Because of the torrential downpours and high tides in early February, the pumps quit and the City of Seattle had to go on "bypass" and dump who-knows-how-many tonnes of raw sewage directly into Puget Sound. I shudder because I am a part of the problem-it's my shit, piss and the rain run-off from my property along the the other hundreds of thousands inhabiting out beautiful green city.
I have used rain barrels at my house for the past decade or so, but had wanted to install heavier duty rain cisterns for a while. But it took this year's sewage plant fiasco to make me commit. Thus, this week. the nice folks at Monsoon Rain Gardens came and installed one Bushman Slimline 265 gallon cistern and one Bushman 205 gallon round cistern in my back yard.
A third, 130 gallon cistern will be installed in the side yard near the front as soon as I get the gutter guy out to do some gutter repairs. Meanwhile, the Seattle Conservation Corps rain barrels will remain in use, but in different parts of the yard. I will be pumping water from the big guys to the little ones.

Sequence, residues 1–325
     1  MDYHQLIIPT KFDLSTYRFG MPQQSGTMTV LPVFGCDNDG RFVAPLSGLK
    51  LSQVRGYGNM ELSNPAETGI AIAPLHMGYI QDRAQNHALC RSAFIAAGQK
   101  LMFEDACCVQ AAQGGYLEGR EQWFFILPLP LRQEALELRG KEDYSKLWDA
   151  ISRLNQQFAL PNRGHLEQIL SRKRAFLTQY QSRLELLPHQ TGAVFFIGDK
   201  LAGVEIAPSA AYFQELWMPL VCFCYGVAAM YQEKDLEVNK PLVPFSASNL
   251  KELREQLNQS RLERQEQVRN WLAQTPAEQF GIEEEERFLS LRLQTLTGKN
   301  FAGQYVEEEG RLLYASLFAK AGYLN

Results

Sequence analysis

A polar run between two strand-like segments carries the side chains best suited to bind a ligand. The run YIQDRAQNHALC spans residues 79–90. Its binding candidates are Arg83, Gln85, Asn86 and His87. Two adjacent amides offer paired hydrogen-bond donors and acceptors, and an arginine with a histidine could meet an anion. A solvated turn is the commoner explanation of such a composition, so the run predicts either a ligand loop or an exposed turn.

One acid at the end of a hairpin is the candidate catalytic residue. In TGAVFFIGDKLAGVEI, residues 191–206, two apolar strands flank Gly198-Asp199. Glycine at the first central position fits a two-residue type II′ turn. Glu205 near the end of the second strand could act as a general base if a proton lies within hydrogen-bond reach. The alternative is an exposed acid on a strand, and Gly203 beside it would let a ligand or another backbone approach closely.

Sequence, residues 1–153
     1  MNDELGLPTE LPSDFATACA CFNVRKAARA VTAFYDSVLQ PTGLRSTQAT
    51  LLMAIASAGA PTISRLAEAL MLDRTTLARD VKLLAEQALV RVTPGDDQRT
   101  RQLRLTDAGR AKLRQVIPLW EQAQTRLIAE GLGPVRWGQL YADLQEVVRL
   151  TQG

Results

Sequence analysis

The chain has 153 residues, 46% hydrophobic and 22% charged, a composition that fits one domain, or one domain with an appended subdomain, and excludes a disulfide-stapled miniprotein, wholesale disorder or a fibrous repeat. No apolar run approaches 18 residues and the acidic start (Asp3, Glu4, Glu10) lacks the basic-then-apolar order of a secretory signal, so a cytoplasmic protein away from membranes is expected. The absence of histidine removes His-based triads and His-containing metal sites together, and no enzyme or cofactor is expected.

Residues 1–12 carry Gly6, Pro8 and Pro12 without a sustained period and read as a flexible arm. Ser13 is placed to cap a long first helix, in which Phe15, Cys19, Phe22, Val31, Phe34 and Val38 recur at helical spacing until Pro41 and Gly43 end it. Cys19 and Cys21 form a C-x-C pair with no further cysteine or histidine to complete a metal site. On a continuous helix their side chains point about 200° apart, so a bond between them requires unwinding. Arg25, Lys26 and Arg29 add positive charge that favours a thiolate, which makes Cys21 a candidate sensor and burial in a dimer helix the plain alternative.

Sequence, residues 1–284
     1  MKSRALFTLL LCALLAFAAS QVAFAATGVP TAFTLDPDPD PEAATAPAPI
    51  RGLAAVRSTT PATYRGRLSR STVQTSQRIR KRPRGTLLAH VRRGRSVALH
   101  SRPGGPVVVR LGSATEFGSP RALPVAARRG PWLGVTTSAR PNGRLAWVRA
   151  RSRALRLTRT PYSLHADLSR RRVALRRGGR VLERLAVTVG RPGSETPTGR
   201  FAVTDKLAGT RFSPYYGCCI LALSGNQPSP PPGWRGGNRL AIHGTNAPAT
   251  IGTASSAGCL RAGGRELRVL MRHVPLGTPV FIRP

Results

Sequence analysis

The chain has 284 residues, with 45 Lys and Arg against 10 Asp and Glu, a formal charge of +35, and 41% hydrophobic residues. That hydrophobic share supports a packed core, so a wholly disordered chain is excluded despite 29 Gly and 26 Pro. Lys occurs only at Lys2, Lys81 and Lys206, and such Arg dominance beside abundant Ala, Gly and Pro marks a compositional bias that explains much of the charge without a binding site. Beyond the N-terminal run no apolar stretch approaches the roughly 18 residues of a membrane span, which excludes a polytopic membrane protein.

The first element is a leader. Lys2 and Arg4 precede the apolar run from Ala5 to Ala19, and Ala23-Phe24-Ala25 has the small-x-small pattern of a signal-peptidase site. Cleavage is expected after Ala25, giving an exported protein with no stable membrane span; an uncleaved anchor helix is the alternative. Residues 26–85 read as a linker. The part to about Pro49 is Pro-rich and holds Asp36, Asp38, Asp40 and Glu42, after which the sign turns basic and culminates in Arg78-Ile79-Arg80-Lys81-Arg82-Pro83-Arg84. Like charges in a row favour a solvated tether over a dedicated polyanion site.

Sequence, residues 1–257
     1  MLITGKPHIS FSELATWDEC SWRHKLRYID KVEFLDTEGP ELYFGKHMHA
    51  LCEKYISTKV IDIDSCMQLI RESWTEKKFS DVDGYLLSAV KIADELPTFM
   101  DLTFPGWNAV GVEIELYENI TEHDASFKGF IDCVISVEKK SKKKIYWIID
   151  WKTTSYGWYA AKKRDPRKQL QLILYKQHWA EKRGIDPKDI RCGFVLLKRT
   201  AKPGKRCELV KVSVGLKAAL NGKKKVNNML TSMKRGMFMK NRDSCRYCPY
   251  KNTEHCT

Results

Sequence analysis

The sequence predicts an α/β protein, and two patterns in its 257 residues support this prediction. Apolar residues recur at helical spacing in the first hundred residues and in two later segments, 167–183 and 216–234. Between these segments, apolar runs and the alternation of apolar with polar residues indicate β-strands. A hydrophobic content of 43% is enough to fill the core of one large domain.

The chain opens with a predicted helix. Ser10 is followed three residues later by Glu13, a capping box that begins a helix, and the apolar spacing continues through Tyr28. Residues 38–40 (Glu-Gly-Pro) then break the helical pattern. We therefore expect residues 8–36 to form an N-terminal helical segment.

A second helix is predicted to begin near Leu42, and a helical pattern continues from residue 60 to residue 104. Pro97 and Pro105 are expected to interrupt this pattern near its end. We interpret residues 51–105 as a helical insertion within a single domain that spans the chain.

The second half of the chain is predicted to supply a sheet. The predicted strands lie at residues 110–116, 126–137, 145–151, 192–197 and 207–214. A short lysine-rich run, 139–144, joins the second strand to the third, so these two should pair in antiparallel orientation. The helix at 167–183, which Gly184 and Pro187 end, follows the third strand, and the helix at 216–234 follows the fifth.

Although many people think of cisterns -and rain barrels for that matter- to be merely devices in which you save water for use in the dry months of the summer, they actually do something more: they slow down the flow into the City Sewer System during heavy storms as they are holding tanks. This works whether you pipe the cistern overflow run-off directly into the sewer lines or if you pipe the overflow runoff into a French drain and then subsequently out into your garden soil. Either way, it can give some relief.
( FYI in Seattle, our system is a combined one that accepts both black-water and grey-water)
I know I am only one household and can only install so many cisterns and that 500 gallons is but a drop in a city this size. But imagine if every house did this. That would be a lot of water! You can't control Mother Nature, but you can choose to try to inflict less damage on her. She's the only Mother Earth we will ever have.